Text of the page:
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An Intentionally Defective Grantor Trust is a specific kind of irrevocable trust set up by the grantor that can benefit the trustees in the long run. Tax implications make an Intentionally Defective Grantor Trust an excellent choice for those with the wealth they want to pass down.
Keep reading to understand Intentionally Defective Grantor Trusts and how they work.
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What Is an Intentionally Defective Grantor Trust?
An Intentionally Defective Grantor Trust or IDGT is an estate-planning tool that allows a trust beneficiary to separate the trust from estate tax treatment. When using an IDGT, the trust assets and money will still be subject to income tax but not to estate tax.
The reason people do this is to prevent frozen assets from being diminished by the consistent estate tax. In its essence, the grantor of the trust sells the assets to the IDGT, so while they still technically own it, it will not count when they must pay estate tax. But as mentioned, they will still need to pay income tax on any interest or other income generated by the trust.
Estate tax purposes- An estate tax is a tax that people must pay when they own assets and property over a certain threshold determined by law. The estate taxes impact any estate value that exceeds an exclusion limit set by law, and only the overage of the estate value is taxed.
Income tax purposes- Income taxes are a tax paid whenever you generate money for yourself. So you pay income taxes on work wages, property sale profits, stock and investment profits, and more. If your trust generates interest year after year, or any bank account does, then you must pay the IRS income tax on this interest.
Gift tax purposes- Gift tax is a tax paid when there is a transfer of property where the gifter makes no profit. You may be thinking that paying tax on a small gift is silly, and it is. Gift tax only applies to massive gifts, such as an entire property. When contributing money or assets to the IDGT, you may do so as a gift, but then the assets will be subjected to a gift tax.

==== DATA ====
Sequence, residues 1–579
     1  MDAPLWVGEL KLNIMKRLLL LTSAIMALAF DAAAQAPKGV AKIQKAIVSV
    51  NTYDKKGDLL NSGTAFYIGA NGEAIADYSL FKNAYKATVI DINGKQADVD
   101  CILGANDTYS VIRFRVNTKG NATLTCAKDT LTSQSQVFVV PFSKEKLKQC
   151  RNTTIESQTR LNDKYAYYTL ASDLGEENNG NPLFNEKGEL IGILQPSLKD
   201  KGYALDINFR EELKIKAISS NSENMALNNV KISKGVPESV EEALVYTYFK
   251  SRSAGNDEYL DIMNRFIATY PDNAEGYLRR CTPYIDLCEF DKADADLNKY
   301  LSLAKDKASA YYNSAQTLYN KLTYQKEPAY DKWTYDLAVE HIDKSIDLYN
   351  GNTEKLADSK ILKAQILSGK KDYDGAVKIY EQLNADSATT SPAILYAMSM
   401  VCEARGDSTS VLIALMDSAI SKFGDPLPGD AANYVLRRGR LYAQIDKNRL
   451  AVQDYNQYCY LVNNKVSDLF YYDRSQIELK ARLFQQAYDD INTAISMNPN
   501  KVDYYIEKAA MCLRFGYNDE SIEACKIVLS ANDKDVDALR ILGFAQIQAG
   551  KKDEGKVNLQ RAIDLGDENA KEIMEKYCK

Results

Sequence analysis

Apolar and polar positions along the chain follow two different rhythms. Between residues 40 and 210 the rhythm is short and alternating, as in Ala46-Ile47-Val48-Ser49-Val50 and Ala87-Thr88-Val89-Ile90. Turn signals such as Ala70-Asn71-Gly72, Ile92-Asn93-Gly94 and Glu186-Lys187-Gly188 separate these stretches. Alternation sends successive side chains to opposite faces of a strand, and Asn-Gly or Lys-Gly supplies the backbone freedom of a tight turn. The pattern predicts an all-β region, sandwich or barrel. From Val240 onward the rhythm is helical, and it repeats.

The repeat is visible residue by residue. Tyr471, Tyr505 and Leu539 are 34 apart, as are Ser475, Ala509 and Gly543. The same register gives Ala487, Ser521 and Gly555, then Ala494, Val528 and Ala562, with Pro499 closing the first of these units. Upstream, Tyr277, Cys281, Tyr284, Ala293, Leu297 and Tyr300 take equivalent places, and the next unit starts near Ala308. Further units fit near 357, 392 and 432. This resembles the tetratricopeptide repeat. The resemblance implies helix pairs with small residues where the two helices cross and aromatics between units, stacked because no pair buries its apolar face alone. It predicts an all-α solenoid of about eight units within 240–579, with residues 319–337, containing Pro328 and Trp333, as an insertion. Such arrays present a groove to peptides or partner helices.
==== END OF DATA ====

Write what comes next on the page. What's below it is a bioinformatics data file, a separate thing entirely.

GST tax purposes-When you leave assets to grandchildren or other generations down the line, you or they must pay a tax on these assets.
This GST tax is the generation-skipping tax, which applies to any assets given to grandchildren, great-grandchildren, great-nieces, great-nephews, and any other family members that are more than one generation removed. But when you use an IDGT to gift assets, they are not subject to the GST tax.
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What Is a Grantor?
The grantor is the person that creates and funds the trust. They are the benefactor, meaning they are responsible for the income tax on the assets while they’re alive. Grantors can have different levels of control depending on the type of trust. But the grantor usually has great control over a revocable trust and can add or remove assets based on their decisions.
There are revocable trusts and then irrevocable trusts. Revocable trusts are more fluid, and the grantor will have more control over the assets and if they want to remove, add, or rename trustees involved. But with an irrevocable trust, it is more difficult to access the assets and make changes. IDGTs are irrevocable trusts, so ideally, they aren’t touched until the trustee receives the transfer.
If a grantor needs to access the IDGT, it will depend on the restrictions they set in place when they created the IDGT. For example, irrevocable trusts are primarily for when the benefactor is close to death, as this means the trust will be in place when they are no longer around.
Who Is the Trustee of an Intentionally Defective Grantor Trust?
The trustee of an IDGT can be almost anyone. The trustee and beneficiaries are most commonly spouses, grandchildren, or other family members. But children and non-relatives may also be the trustee, depending on the situation.
How to Fund an IDGT
There are two options for funding an Intentionally Defective Grantor Trust. You can either gift the trust to the trustee or beneficiary or sell the assets to the IDGT. They are subject to the gift tax when you gift them, but there is no income tax on the sale if you sell them.